‘Star Wars: Visions’ was forged with a willingness to break the rules
To cannibalize the words of a great fallen Jedi, Star Wars: Visions feels like a first step into a larger world.
The new Disney+ gem delivers nine tenet-shattering shorts created by well-known Japanese animation — anime — studios. Together, they represent a fresh and original swerve for a beloved franchise. Individually, they are unique imaginings of a galaxy far, far away, and these shorts speak to the various threads that have made Star Wars such a force in pop culture for more than 40 years.
Just look at “The Twins,” Visions‘ third episode. For all the things that feel deeply faithful to the franchise — the twins themselves, their seat-edging duel, the mysticism-meets-tech fantasy of it all— there’s a vivid and gratuitously chaotic vibe that permeates. This is heightened Star Wars, where a person wielding a lightsaber can ride on the nose of a soaring X-Wing Fighter and use the boost of kinetic energy it provides to drive his energy sword through the heart of an immensely powerful Kyber crystal.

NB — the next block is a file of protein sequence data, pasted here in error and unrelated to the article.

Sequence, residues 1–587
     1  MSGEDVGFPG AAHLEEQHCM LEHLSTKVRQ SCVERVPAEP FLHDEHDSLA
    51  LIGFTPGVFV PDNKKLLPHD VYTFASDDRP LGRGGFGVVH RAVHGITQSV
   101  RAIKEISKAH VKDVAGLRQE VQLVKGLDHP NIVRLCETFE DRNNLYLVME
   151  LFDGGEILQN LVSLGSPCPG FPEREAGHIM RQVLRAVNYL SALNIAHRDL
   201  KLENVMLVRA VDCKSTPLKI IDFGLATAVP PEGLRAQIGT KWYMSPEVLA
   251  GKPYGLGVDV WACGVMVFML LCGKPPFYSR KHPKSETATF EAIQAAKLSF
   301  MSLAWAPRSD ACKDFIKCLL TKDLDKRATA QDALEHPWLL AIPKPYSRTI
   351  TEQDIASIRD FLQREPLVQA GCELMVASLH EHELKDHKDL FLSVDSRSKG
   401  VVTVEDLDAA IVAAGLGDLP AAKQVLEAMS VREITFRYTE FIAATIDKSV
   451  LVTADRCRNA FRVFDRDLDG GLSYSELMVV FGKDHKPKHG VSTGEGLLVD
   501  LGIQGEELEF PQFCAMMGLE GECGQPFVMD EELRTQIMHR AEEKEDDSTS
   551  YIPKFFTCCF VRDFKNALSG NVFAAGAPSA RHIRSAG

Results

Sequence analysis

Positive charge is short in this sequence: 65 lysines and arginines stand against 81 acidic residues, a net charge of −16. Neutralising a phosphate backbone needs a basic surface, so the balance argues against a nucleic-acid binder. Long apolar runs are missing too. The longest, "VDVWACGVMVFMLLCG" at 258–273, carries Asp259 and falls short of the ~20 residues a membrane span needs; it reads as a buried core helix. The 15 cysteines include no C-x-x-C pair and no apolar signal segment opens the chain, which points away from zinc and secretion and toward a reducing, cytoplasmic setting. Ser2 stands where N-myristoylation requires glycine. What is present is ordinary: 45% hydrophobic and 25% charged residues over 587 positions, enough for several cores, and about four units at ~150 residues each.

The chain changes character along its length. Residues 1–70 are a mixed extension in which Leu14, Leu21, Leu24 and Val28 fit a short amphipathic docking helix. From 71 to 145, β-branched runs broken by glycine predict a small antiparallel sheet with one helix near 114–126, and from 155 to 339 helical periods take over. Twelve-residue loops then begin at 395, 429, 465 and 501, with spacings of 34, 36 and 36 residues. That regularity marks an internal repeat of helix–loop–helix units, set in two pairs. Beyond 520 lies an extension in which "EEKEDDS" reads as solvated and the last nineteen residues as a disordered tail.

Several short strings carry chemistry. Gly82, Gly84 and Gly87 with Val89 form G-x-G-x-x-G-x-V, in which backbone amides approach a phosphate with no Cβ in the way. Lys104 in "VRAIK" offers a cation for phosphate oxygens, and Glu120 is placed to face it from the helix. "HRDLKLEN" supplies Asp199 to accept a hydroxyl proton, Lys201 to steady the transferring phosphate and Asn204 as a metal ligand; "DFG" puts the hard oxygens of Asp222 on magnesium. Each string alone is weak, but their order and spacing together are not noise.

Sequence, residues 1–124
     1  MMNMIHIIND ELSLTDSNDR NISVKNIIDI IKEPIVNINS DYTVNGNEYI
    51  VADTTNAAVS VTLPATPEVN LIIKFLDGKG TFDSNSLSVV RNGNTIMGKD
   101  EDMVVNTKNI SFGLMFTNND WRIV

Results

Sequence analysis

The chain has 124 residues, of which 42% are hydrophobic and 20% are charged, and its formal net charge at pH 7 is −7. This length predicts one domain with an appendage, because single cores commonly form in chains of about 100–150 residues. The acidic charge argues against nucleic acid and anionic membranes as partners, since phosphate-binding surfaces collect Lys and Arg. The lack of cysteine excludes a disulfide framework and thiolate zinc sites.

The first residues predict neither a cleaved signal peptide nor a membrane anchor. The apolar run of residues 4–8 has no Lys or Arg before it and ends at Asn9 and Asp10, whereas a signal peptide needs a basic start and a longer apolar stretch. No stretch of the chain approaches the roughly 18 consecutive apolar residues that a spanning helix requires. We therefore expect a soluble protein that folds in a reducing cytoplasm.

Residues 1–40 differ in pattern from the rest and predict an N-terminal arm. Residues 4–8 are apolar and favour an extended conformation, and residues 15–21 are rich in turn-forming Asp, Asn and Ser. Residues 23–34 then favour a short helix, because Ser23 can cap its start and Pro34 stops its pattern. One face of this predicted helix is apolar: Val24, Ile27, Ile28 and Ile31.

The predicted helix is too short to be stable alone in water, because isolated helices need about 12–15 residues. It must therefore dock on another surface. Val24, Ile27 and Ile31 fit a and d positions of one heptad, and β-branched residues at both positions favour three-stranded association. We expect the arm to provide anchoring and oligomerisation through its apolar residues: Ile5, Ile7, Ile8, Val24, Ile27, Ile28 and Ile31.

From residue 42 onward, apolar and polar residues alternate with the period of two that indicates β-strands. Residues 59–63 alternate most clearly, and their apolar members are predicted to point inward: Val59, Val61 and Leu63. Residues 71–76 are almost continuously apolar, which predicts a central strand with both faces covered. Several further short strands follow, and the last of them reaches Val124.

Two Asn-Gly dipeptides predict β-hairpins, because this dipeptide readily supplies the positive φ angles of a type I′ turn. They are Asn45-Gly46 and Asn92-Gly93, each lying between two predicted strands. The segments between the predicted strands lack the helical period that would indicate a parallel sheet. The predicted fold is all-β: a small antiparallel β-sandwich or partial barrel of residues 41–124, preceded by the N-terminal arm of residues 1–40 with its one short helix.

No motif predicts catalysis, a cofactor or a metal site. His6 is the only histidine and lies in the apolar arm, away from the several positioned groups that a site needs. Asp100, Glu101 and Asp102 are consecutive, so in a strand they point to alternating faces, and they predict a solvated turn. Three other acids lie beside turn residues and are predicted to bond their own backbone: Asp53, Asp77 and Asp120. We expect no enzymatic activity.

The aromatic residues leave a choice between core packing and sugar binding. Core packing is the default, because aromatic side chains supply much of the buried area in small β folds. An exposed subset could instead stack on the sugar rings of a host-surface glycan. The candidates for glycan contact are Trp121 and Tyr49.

It almost feels like the off-the-wall imaginings of a giant Star Wars geek — and that’s because it is. It’s easy to describe Visions as “Star Wars-meets-anime,” but have you really thought about what that means? Anime is no monolith. Any fan of the form will tell you there’s a diversity of storytelling techniques and genres within the realm of Japanese animation.
Visions, then, is as much a promise as it is a title. What does Star Wars look like when an outside creator is given free reign to tell a story in its universe? There are masters and apprentices, family struggles, people finding their inner selves — all the trappings that have made for great Star Wars stories before — but the formal and stylistic signatures feel decidedly different. It’s not fanfic-with-a-budget, but it isn’t entirely not that, either.
“All the creators who participated in the project are huge Star Wars fans.” That’s Kanako Shirasaki, head of production at Qubic Pictures and a producer on Visions. Qubic was instrumental in making this project happen, managing the relationship between Disney and the seven studios that built the nine shorts.
“The Elder” introduces a dark and mysterious threat as the setup for a gripping, windswept duel.